A small group of health care workers at intermediate or high risk of developing Ebola virus disease after exposure to the virus did not develop the disease after being treated with postexposure prophylaxis, according to Dr. Michael Jacobs and his associates.
Of eight health care workers evacuated to the United Kingdom between January and March 2015 and assessed using an Ebola risk calculator, four were deemed to be at intermediate or high risk for developing Ebola virus disease (EVD) and were started on postexposure prophylaxis (PEP) using oral favipiravir over 10 days. In addition, two of the four also were treated with monoclonal antibodies to Ebola glycoproteins. The favipiravir, administered in high dosages, was tolerated well by the four patients, the investigators reported in Lancet Infectious Diseases.
The second half of the eight-person study group had a low risk of EVD after assessment, and patients in this group were watched carefully, receiving no other form of treatment. No EVD developed in this low-risk group.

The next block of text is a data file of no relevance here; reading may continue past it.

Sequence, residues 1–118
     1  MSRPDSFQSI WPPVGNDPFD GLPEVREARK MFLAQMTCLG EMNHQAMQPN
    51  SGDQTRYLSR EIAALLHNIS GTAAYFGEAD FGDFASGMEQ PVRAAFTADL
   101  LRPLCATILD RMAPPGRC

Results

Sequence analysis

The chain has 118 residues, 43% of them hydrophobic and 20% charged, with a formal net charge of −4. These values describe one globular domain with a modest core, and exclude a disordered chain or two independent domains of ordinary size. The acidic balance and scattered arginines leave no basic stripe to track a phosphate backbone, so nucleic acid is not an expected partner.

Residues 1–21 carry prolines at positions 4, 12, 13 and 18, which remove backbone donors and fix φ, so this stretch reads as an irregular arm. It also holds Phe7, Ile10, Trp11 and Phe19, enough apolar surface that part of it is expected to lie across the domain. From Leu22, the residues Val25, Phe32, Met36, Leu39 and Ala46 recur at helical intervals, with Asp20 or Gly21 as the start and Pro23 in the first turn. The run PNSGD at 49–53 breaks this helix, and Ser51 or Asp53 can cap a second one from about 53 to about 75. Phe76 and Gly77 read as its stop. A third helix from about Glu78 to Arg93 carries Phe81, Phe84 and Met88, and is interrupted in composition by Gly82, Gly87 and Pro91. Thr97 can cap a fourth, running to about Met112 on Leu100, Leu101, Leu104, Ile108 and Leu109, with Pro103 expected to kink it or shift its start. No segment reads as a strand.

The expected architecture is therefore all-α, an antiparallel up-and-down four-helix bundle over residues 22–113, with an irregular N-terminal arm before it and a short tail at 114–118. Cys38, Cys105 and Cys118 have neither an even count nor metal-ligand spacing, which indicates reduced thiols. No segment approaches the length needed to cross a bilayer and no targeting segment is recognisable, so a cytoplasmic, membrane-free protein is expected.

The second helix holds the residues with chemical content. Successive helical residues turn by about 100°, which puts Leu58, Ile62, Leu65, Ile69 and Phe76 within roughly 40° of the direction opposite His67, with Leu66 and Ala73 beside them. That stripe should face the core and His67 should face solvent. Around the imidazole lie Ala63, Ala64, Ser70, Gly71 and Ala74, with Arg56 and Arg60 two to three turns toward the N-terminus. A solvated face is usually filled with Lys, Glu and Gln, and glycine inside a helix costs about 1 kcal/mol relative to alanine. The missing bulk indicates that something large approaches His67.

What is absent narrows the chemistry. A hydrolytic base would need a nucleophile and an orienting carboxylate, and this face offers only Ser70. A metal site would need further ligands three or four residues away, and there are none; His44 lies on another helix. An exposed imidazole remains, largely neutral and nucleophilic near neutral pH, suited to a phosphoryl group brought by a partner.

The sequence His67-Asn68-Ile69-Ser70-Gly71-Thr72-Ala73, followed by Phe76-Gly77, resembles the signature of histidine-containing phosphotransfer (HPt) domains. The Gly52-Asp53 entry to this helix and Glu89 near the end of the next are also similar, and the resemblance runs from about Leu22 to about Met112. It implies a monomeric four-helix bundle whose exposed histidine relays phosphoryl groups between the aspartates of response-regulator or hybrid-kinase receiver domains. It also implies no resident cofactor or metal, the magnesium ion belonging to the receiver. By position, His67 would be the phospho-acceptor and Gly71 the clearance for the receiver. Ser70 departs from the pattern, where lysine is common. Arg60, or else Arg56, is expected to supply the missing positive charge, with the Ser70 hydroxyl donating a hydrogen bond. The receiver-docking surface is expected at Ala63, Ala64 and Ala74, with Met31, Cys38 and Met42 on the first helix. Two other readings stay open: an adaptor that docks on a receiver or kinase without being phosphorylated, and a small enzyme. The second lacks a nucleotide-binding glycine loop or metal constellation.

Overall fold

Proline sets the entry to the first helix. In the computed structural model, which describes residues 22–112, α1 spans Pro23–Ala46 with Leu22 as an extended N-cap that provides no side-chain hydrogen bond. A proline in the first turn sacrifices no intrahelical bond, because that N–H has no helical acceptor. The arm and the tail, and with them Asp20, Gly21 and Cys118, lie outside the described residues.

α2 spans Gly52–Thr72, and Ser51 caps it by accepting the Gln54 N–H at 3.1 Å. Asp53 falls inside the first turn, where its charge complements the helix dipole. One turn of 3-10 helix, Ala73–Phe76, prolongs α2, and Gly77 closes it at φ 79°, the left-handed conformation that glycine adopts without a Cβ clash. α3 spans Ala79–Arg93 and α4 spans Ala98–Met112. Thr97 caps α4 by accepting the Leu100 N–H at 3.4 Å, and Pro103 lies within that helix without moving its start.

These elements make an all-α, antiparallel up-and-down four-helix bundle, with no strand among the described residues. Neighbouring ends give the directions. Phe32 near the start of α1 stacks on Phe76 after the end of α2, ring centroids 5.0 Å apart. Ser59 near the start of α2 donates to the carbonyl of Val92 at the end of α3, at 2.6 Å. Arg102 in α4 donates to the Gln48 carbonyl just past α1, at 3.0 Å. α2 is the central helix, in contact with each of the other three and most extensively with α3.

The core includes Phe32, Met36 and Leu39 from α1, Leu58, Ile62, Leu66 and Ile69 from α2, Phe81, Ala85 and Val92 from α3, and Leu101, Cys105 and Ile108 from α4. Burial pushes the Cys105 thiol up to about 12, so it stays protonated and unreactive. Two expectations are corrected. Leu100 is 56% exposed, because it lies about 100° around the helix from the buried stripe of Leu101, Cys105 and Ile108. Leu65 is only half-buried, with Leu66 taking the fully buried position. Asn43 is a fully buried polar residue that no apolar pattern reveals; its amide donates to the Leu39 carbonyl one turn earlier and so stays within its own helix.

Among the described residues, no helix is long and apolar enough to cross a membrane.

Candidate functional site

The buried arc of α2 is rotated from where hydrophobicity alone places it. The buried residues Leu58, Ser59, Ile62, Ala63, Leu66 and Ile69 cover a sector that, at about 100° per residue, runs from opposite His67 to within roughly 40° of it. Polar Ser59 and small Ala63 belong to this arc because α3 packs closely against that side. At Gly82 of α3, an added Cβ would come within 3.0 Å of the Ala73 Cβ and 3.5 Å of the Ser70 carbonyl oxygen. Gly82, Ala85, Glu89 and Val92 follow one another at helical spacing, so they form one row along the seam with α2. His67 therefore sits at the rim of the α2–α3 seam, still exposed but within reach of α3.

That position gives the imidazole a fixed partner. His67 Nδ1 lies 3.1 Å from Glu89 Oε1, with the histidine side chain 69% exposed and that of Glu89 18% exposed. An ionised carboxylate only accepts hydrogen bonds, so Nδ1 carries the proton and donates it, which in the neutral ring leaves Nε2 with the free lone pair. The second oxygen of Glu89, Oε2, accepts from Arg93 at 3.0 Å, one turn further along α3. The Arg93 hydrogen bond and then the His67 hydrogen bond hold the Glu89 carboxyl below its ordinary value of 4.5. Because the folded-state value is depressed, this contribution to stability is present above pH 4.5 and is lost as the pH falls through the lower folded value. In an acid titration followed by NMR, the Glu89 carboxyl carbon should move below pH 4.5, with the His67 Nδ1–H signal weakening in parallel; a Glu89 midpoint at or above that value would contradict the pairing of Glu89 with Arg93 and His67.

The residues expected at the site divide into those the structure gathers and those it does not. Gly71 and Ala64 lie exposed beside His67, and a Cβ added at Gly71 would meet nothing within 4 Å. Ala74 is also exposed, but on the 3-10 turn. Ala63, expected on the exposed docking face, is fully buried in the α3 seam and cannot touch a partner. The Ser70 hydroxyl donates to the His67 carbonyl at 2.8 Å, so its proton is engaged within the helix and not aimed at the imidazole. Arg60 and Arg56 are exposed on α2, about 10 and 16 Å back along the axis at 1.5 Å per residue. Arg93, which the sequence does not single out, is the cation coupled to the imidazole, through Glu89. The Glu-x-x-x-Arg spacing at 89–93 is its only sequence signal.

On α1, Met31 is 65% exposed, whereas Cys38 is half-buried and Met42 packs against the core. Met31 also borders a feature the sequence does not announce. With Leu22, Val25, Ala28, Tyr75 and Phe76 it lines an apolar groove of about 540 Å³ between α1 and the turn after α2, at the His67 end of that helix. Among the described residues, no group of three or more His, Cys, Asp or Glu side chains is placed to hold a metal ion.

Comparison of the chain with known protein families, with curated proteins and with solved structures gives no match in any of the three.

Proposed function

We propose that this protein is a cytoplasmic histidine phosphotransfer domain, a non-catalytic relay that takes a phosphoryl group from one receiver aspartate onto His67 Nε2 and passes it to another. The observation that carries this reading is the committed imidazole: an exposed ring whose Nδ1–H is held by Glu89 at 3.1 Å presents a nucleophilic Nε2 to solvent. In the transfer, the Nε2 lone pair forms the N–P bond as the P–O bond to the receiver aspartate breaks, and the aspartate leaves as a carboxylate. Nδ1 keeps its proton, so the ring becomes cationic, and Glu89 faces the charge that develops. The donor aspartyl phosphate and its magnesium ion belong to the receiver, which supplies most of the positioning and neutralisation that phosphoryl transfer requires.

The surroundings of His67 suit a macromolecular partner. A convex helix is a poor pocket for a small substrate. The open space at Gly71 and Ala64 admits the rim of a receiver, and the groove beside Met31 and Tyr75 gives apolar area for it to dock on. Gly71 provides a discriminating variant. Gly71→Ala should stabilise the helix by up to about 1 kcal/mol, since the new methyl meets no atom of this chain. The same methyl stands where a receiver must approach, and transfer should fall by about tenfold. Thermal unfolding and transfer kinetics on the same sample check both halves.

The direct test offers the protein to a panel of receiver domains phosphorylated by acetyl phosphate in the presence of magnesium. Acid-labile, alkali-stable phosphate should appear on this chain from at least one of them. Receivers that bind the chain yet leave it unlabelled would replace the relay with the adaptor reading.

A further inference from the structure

It cannot be known “whether or not PEP prevented the onset of Ebola virus disease in any of these individuals. However, two individuals had very high risk of Ebola virus transmission, and these are the first reported cases of transcutaneous, hollow-bore needlestick injuries contaminated with fresh blood that have not resulted in Ebola virus transmission,” noted Dr. Jacobs of the department of infection at Royal Free London NHS Foundation Trust and his associates.
In a related comment, Dr. Mark J. Mulligan and Dr. Paul N. Siebert said, “A needed next step is the development of a consensus risk determination algorithm devised by an expert panel, drawing on all available evidence, endorsed by health organizations, and disseminated to the field. The algorithm could be accompanied by a chart abstraction and case report form to standardize and organize data gathering.”
Dr. Mulligan and Dr. Siebert of the division of infectious diseases at Emory University in Atlanta added, “These data for recognized exposures in health care workers could be collated and analyzed in an international registry.”
Find the full study here: Lancet Infect Dis. 2015 Aug 26. doi: 10.1016/S1473-3099(15)00228-5.